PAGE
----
About the KDCFS
The Kaslo and District Community Forest Society is governed by a 9 member volunteer Board of Directors, seven of whom are elected by the membership for a one or two year term, and two who are appointees of the Village of Kaslo and the Regional District of Central Kootenay Area D. Today, the tenure is co-managed by Jeff Reyden, RPF, and Tyler Hodgkinson, a local, contractual management team.
|Term||Board Member / Position|
|Annual||Steve Anderson, Chair, VOK Appointee|
|2021-2023||Chris Webster, Vice Chair|
|2021-2023||Jeff Mattes, Treasurer|
|2020-2022||Steve Fawcett, Secretary|
|Annual||Neil Johnson, RDCK Appointee|
The Kaslo and District Community Forest Society (KDCFS) will manage the diversity of values of the Community Forest in an ecologically responsible and fiscally accountable manner on behalf of the people of Kaslo and Area D.
- Pursue local stewardship over the land that sustains us
- Support local businesses, strengthen the community and foster new venture opportunities
- Preserve knowledge and further education, networking and innovation
- Improve community resiliency through biodynamic and disturbance appropriate landscape level planning
- Manage for maximum diversity
Become a KDCFS Member:
To be a member you must be at least 18 years of age, and have been a resident or property owner in Kaslo or Area D for 30 days and in BC for 6 months. Learn More & Apply for Membership
Where We Are
Our Community Forest is situated in the West Kootenay region in south-eastern British Columbia. It extends along the glaciated, rocky benches and steep valleys marking the western shore at the northern end of Kootenay Lake. This deep lake separates the mineral rich Purcell and Selkirk Mountain Ranges.
Mining and railway construction played key roles in the West Kootenay landscape from the mid 1800’s forward, drawing droves of hopeful prospectors into the unsettled area. Saw mills and pulp mills sprung up, supplying the mining boom and the railway construction and have since been major contributors to our economy. As of late the region has undergone an economic shift towards recreation and amenities due to its spectacular scenery and multifaceted opportunities.
An extensive, but often overgrown network of old pack horse trails now provides recreation access from the lake shore to the alpine, stringing together the abandoned skeletons of old mining camps, shafts and tunnels throughout the species diverse interior temperate rain forest.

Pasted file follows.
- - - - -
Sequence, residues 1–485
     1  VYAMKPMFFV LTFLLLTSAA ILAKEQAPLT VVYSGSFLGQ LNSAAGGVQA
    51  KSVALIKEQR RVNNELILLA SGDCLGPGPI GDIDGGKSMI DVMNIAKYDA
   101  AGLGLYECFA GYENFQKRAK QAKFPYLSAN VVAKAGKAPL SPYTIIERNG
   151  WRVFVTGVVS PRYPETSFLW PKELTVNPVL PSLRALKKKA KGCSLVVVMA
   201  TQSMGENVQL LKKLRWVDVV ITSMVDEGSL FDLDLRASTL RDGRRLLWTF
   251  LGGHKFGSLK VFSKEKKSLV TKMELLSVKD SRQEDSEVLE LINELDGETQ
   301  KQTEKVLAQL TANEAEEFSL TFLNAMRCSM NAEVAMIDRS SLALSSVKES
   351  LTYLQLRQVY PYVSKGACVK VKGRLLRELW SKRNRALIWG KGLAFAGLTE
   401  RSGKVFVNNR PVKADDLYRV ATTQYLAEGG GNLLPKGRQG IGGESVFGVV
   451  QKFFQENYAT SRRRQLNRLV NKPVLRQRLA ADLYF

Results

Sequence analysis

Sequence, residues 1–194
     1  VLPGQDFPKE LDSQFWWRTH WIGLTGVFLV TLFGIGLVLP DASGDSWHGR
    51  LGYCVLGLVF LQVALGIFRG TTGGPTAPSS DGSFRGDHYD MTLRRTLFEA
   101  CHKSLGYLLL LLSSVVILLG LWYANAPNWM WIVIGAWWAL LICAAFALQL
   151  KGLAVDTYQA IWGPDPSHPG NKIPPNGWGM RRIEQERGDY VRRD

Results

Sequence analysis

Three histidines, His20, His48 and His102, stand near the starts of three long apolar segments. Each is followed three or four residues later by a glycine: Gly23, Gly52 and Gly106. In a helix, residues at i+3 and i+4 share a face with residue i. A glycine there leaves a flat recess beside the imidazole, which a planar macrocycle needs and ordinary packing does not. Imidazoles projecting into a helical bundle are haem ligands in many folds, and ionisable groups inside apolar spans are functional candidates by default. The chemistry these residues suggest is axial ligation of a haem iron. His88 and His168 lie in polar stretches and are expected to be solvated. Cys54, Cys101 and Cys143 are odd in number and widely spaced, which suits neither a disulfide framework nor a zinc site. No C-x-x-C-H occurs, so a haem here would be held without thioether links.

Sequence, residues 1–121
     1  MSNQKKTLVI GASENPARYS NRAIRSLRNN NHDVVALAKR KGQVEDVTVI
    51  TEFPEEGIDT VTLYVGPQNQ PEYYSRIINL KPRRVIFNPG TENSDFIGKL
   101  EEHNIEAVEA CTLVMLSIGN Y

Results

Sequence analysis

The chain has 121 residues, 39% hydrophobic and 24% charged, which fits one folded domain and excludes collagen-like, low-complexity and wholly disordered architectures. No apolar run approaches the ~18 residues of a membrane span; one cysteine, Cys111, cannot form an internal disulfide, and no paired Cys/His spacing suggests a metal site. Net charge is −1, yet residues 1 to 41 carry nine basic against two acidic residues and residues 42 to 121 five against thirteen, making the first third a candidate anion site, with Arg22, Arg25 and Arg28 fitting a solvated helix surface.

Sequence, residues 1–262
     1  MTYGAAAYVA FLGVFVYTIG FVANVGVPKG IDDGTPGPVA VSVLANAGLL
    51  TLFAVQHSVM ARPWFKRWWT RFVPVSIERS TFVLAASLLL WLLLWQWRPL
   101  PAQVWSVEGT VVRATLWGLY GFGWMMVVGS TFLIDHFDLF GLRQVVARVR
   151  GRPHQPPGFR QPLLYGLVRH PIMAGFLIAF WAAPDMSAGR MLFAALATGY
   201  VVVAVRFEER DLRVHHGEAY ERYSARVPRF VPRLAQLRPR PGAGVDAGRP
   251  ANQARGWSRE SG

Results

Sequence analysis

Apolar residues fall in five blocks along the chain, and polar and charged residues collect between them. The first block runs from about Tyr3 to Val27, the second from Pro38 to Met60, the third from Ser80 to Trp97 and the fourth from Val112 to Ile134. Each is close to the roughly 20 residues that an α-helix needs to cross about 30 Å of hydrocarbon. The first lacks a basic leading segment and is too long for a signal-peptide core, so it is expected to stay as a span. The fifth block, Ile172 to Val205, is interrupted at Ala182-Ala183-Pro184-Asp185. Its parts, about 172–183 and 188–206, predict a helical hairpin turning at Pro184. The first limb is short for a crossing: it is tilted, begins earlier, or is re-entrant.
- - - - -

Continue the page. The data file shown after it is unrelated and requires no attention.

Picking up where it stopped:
In 1995 the Kaslo and Area Round Table (KART), a community-based resource advisory group, was charged with the application for a community forest tenure. KART’s diversified planning committee worked to produce a governance model and shaped a non-profit society that would work towards the sustainability of the community and its resources. The final structure was assembled through consensus-based public consultation.
In 1996 the British Columbia Ministry of Forests granted two communities non-replaceable industrial forest licenses (NRFL): Kaslo and Creston . Kaslo and Regional District Area D received a 15 year volume based tenure with an annual allowable cut (AAC) volume of 10,000m3. The non-profit Society incorporated that year with an operating area encompassing 6,100 hectares adjacent to the Village of Kaslo and received a Forest Renewal BC Community Excellence Award for their efforts in 1997.
The tenure was awarded at the dawn of the 1997 political and regulatory changes that would lay the foundation for the pilot Community Forest Agreement (CFA) tenure program in BC. Its goals were to provide First Nations and BC communities with diverse and long-term opportunities in sharing social and economic benefits while fostering innovation.
In 2004 further legislative changes transitioned the CFA program to a 5 year probationary term, which, in 2006, provided the KDCFS with an opportunity to apply for an expansion (Forest Agreement Operating Area) in license area to an AAC volume of 25,000m3. The new area-based forest license granted in 2008 (letter of approval) is a 25 year and 34,945 hectare tenure, which provides exclusive harvesting rights to the Society.